One of the biggest benefits of using a prepaid card is that it allows you to use a payment method very similar to a credit card, but without the risk of spending more than you can afford to repay. It can help you budget and stick to your spending plan.
Prepaid cards even offer the same fraud protection as traditional credit cards. If your card is lost or stolen, you have some recourse in protecting yourself and your money thanks to new CFPB rules. These new protections for consumers also include an overhaul of the way prepaid card companies offer terms and benefits. They’ll also start more clearly defining the fees of these cards.
The new rules cover a variety of different kinds of prepaid cards, including cards used to receive government benefits, payroll cards, and general purpose prepaid cards. Electronic accounts that allow you to store money in an online portal (think Google Wallet and PayPal) will also offer more consumer protections.
Watch Out for Potential Trouble Spots
While there are plenty of benefits for consumers using these cards, there are a few places where prepaid cards do fall short. One of the biggest issues: the number of fees involved.
You can get hit with activation fees of anywhere from $5 to $10 for each prepaid card, along with additional fees to load money, check balances, withdraw money from an ATM, and even speak with a representative over the phone. And when the card issuer charges a fee, the amount of charge comes out of your balance.
And while prepaid cards make it easy to spend with no bank account, they certainly don’t address your need to save, too. If you’re avoiding getting a bank account due to fees, you might want your money going to an institution who can provide you with both a checking account (that comes with a debit card) and a savings account you can use.
You pay a lot of fees with prepaid cards. Make sure that’s truly the best way to pay for the ability to use your money.
If you use a prepaid card, you also need to watch out for fraud. Prepaid cards are easy to use and exist outside the traditional banking system. There are fewer protections on these cards, and no financial institution to help you monitor the card’s activity.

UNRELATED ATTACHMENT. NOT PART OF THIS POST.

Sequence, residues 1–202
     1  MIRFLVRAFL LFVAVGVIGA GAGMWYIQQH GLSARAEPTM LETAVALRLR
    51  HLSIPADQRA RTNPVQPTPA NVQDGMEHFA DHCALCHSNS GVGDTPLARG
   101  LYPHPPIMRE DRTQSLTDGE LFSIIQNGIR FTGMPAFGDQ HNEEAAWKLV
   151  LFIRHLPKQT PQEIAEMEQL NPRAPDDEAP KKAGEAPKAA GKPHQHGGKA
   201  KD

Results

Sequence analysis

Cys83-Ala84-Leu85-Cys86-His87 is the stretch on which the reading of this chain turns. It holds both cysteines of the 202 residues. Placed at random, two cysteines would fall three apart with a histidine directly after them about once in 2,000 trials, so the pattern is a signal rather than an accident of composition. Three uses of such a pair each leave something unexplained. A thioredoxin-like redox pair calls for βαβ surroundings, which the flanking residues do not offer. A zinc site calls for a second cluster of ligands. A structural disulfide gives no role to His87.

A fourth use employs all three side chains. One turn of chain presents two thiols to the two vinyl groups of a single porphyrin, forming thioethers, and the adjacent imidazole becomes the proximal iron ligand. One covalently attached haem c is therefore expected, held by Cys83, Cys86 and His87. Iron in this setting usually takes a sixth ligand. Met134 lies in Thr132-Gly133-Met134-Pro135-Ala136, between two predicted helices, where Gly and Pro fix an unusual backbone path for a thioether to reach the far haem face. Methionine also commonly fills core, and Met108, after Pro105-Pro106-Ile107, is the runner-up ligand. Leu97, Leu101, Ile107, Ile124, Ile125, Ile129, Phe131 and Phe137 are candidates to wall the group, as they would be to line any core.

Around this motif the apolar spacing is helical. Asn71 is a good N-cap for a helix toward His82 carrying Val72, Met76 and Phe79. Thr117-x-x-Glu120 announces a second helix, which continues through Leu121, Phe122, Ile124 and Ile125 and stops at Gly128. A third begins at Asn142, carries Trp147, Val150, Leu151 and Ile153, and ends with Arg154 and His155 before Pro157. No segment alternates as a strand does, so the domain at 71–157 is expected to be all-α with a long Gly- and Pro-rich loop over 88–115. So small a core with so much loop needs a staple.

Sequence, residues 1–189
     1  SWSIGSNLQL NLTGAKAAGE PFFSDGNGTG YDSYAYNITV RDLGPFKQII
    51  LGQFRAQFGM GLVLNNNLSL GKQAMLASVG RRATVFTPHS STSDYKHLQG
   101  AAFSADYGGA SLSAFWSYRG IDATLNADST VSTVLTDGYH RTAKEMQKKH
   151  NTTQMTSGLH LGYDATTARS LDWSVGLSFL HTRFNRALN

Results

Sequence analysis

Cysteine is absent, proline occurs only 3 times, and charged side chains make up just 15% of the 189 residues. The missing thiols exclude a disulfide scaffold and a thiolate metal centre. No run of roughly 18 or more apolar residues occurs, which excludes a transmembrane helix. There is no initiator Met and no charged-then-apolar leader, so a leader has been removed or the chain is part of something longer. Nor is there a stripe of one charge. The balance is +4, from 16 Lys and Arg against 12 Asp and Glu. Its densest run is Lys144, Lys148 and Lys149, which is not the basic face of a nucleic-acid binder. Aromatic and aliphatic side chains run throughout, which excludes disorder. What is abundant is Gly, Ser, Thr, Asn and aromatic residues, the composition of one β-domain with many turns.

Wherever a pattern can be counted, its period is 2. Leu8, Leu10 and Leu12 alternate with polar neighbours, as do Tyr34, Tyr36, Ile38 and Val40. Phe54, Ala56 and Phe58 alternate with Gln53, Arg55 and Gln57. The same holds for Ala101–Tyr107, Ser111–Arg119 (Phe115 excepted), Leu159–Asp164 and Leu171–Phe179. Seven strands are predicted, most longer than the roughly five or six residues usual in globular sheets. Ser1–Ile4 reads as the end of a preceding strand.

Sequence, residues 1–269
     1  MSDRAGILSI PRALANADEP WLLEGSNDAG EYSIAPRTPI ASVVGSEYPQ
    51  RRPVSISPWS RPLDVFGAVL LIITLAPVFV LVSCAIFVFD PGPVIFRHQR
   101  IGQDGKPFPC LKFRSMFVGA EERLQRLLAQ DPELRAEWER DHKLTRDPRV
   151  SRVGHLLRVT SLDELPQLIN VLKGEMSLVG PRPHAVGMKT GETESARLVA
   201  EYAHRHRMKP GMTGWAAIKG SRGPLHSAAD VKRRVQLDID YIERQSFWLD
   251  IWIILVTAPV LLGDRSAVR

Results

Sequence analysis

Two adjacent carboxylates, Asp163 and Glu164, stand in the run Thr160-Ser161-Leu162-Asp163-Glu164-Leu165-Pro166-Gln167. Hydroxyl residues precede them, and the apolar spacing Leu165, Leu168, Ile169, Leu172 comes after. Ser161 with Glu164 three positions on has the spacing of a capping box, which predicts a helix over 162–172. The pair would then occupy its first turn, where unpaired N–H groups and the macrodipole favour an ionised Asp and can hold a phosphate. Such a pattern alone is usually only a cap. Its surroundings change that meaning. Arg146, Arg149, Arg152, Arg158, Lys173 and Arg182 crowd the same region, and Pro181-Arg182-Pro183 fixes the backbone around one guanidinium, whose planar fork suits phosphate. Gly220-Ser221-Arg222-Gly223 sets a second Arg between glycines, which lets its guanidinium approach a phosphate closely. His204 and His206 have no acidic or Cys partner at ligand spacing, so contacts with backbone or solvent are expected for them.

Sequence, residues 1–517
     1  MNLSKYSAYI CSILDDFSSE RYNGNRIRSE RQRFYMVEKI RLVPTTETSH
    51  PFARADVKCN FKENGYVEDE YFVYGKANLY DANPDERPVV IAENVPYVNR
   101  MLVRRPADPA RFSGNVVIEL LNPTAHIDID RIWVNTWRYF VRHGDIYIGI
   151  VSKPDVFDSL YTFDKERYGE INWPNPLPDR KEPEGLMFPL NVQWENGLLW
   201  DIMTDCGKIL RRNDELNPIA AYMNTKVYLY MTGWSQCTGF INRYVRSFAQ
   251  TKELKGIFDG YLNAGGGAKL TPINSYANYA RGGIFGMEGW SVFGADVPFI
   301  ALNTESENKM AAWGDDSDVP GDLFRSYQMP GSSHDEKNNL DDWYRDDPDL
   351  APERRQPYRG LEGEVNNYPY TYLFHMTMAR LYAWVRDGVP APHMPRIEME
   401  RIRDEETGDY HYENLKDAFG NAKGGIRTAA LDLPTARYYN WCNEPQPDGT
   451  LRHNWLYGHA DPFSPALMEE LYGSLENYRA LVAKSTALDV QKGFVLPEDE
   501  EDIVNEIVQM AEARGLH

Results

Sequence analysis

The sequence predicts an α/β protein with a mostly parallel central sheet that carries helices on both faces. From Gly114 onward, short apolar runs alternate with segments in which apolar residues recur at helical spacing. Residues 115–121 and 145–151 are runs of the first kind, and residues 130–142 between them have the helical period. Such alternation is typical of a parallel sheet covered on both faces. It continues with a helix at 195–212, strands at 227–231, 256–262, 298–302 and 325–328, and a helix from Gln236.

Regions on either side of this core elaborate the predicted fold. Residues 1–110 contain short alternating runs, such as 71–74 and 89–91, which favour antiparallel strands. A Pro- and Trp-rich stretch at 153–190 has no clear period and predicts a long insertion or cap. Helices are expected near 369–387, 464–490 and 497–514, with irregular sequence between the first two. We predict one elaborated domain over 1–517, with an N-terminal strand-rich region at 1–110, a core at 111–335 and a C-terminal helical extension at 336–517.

You may receive phone calls or emails from people posing as legitimate creditors. They could claim that your account is past due and ask you to reload a prepaid card to bring the account current. Providing those details to fraudulent users gives them the withdraw your cash -- and leaves you with very few options for recourse. If you get suspicious calls or emails, don’t respond. Go directly to the card issuer yourself, report the activity, and make sure your account is in good standing.
Will a Prepaid Card Impact Your Credit?
Prepaid cards don’t require a credit check. You can easily get one regardless of your credit history. (Since you’re not borrowing money, there is no reason for the card issuer to check your credit.)
That said, prepaid cards won’t improve or help you establish credit. Loading money on a card and spending it doesn’t provide enough information about your borrowing and repayment habits for card issuers to have anything to report to the credit bureaus. Nothing that you do on a prepaid card will appear on your credit report or be reflected in your credit score.
If your goal is to build or repair your credit, a secured credit card is likely a better option for you. Secured credit cards are very similar to prepaid cards. You need to put down money in the form of an initial deposit before you can use the card. But with a secured credit card, the deposit is held as collateral in the event you fall behind on your card payments.
Try a Prepaid Card to Help You Stay on the Right Financial Path
Prepaid cards give you the opportunity to spend your own money, not the bank’s, and avoid the temptation to overspend. There’s no way to accumulate debt on these cards and you don’t need to worry about interest charges.
If you don’t have a bank account or simply have poor credit, a prepaid card can provide you with a payment option that’s safer than carrying cash. But you need to watch out for fees and fraud. In most cases, getting a bank account if you can and using a debit card makes more financial sense.